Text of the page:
Anyssa’s Story

By: Anyssa

A Winding Spiral – My Recovery Story

My name is Anyssa, I’m 20 years old (yes, two decades, so old!), and I’m currently a sophomore in college. I identify as a lesbian in the LGBTQIA+ community and I’m noticed for my masculine-looks and behavior. I’m interested in music, art, skateboarding and writing. I love my family and friends. I’m a very genuine person, loyal, and I have a huge heart. Just imagine a clumsy puppy dog with floppy ears, that’s pretty much me.

Why am I here writing about mental illness? Well, I’d like to answer that by saying that I have been battling with depression and anxiety for 7 years. That’s a long time, but the thing about mental illness is that it’s sort of like a spiral: it has its ups and downs.

I guess my story starts off by saying that I was pretty young when everything began. Everything came about when I was just 13 years old. I was being bullied in middle school for countless of things, like the way I dressed (I was a tomboy) and for simply who I was; this quirky, shy, and loving human being. My peers did not accept me. I was struggling with my sexual orientation, in denial about the fact that I was not heterosexual. I would always go to bed every night, asking myself why I was made the way I was. Girls weren’t supposed to want short hair, masculine clothes, and act masculine. Girls weren’t especially supposed to like other girls. I was very alone, I didn’t have many people to talk to because I was in a position where the bullying would get worse and never would be accepted by anyone. I never had that many friends growing up, so with the friends that I did have, the thought of losing them was heart wrenching to me.

It was wintertime 2009 when I started to self-harm. It became an addiction shortly after, doing it almost all of the time. I didn’t understand why I liked to hurt myself, but it felt good because it was releasing the pain that I held inside of me. Afterwards, I got addicted to taking painkillers; I was taking a big dose every morning before school so I could numb myself for the whole day, not having to think about anything. My thoughts were very negative and trying to combat it with these methods were not helping me at all. In fact, it made things worse.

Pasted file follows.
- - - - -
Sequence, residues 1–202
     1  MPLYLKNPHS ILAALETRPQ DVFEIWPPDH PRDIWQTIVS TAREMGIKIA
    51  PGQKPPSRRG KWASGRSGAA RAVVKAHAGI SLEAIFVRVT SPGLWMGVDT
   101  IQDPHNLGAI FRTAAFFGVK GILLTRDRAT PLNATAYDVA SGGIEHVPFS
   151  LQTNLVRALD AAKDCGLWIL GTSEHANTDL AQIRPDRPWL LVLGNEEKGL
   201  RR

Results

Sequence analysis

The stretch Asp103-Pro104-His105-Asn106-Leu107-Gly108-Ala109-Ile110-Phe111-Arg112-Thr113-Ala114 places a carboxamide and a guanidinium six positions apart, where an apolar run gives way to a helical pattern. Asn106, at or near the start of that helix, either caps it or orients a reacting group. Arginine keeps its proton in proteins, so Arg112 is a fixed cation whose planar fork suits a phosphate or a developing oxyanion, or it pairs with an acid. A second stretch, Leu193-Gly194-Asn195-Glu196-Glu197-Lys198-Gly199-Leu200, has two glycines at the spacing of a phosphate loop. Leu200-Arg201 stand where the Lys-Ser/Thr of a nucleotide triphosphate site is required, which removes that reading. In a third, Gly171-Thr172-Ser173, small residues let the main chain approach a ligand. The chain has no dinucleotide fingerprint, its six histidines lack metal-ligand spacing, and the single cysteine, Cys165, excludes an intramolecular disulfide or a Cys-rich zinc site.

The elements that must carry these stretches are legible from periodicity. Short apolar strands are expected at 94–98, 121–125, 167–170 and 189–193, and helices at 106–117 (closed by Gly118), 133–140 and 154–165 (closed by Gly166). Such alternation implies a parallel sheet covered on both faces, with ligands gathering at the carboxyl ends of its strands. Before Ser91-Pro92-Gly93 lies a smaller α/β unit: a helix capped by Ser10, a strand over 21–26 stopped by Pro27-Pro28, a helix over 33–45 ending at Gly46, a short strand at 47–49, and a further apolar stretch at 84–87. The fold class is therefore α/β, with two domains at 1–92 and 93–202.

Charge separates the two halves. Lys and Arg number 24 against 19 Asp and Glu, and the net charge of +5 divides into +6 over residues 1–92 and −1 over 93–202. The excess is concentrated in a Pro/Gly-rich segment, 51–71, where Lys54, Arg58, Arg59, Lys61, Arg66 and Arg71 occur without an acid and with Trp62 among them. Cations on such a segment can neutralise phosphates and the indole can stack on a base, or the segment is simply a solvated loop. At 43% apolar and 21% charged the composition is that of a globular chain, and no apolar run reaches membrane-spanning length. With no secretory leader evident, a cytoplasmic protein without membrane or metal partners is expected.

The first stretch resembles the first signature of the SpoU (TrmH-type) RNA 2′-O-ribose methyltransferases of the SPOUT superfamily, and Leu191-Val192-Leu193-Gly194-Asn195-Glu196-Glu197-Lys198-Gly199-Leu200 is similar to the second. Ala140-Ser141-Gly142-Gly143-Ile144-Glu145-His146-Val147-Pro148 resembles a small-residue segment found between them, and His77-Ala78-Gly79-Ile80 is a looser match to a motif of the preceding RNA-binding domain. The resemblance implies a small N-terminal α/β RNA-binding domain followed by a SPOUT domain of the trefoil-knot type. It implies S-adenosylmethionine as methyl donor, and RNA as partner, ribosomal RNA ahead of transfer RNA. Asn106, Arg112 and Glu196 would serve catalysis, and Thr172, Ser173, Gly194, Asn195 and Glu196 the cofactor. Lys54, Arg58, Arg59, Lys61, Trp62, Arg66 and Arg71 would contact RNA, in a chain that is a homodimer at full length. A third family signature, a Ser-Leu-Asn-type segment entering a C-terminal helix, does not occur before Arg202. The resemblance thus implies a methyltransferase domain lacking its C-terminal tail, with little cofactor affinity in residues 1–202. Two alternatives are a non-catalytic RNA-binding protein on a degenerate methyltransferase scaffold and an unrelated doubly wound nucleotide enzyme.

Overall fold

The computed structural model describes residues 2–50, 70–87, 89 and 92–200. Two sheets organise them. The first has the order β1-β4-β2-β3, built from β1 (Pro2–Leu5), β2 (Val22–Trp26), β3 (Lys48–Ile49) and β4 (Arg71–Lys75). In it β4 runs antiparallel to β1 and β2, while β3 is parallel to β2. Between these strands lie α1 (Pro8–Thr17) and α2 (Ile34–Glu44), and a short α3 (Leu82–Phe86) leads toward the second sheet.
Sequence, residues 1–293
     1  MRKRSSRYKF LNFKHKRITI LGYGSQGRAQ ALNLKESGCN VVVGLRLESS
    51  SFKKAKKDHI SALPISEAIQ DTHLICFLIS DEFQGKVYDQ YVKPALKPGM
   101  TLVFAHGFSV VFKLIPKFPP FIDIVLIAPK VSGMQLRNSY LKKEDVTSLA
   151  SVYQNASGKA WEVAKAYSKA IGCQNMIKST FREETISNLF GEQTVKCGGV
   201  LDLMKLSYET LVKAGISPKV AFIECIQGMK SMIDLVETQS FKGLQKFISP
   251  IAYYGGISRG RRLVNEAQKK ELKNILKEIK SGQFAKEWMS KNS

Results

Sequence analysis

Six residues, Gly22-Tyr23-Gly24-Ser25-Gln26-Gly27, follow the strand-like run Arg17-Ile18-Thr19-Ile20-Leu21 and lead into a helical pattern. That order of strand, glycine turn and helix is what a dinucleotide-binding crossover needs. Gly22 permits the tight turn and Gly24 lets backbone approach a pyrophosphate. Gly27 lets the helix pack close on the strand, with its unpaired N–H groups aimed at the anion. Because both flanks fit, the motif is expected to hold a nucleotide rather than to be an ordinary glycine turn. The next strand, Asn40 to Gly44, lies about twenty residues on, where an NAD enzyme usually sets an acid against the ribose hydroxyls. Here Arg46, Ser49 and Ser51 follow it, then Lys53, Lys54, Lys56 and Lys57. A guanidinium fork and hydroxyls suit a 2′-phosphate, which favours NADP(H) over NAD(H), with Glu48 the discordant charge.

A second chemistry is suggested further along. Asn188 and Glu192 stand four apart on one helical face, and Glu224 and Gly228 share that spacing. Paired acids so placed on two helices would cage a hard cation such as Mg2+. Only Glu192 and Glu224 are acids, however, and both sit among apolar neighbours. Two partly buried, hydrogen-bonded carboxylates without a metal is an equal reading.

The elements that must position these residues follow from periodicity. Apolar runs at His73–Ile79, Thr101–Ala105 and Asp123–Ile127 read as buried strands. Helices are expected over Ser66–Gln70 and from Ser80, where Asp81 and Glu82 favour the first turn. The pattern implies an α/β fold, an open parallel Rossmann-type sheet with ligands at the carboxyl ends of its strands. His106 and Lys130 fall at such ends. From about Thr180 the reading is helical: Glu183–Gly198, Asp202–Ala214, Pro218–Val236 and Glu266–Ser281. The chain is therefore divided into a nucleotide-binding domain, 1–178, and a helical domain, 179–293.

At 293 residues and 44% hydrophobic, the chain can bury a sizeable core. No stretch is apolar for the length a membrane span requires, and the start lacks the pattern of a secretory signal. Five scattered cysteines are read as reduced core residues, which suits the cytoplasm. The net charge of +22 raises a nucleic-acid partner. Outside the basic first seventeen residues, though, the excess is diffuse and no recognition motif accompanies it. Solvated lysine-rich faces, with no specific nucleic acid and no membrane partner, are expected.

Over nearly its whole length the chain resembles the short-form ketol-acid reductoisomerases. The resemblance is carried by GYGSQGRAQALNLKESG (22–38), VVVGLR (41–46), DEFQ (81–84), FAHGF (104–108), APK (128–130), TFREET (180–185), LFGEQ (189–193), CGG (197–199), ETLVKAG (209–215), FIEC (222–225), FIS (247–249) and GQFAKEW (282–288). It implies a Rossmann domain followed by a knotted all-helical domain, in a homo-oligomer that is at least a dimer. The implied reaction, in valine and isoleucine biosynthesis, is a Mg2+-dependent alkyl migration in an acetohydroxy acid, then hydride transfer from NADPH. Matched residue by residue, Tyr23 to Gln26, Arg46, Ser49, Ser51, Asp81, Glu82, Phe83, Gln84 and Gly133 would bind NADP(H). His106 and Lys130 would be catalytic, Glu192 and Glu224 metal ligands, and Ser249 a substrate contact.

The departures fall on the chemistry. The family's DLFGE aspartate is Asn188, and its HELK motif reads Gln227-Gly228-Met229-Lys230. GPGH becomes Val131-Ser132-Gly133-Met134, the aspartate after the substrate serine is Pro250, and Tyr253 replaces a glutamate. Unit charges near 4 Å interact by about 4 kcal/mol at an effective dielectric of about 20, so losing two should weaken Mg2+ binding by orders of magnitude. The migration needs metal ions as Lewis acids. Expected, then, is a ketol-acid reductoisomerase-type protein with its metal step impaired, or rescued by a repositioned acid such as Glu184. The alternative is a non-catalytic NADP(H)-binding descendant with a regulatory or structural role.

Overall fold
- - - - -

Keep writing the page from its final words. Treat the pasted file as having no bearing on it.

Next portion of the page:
In March of 2010, I attempted suicide, but I stopped when something inside me spoke, saying that life was giving me a second chance to live and get better. I listened to that voice, and I went to go get help for myself.

Although it took me a year to open up about my experiences, in the fall of 2011, 15 at the time and starting high school, I begged my parents to let me see a therapist. My parents, not really believing in therapeutic practices, managed to see that I was struggling with something inside and allowed me to see a therapist. I found that talking to somebody was very helpful and let me come to terms with what I was dealing with. My addiction with pain-killers stopped briefly. The self-harm was sadly still a thing, but other things were looking positive. I was diagnosed with depression and anxiety. I wanted to avoid taking medication because my parents were against the usage of SSRI’s, and I was against them too because of the risk of becoming suicidal again. I began changing my thought patterns with the start of Cognitive Behavioral Therapy (CBT). It was a good start, but it wasn’t helping me get to the path that I needed to be on.

I was still struggling with my sexual orientation. The “could’ve” part about being gay was true, and the idea of coming out to my parents was scary to me. I was also beginning to question my gender identity. I thought that I was maybe transgender, since people thought I wanted to be a guy because of the way I dressed and acted. I was living with these thoughts in my head every day. I thought I was never going to find out who I was and I was never going to be accepted by my family, friends, and peers. I thought I was never going to make it to see the day that I would be happy with myself. These factors were increasing my depression and anxiety, and on top of that, I was not doing well in school. I was losing motivation to do anything. I continued to self-harm and started abusing painkillers and other medications again. I lived with this mindset before I attempted to commit suicide for the 2nd time in my life in 2014. I was 17 years old.

To this day, I remember the look on my parents’ faces when they found out I has attempted suicide. Their expressions were of pure sadness and distraught. I remember heading to the mental treatment facility. I had those images of their faces permanently glued in my brain.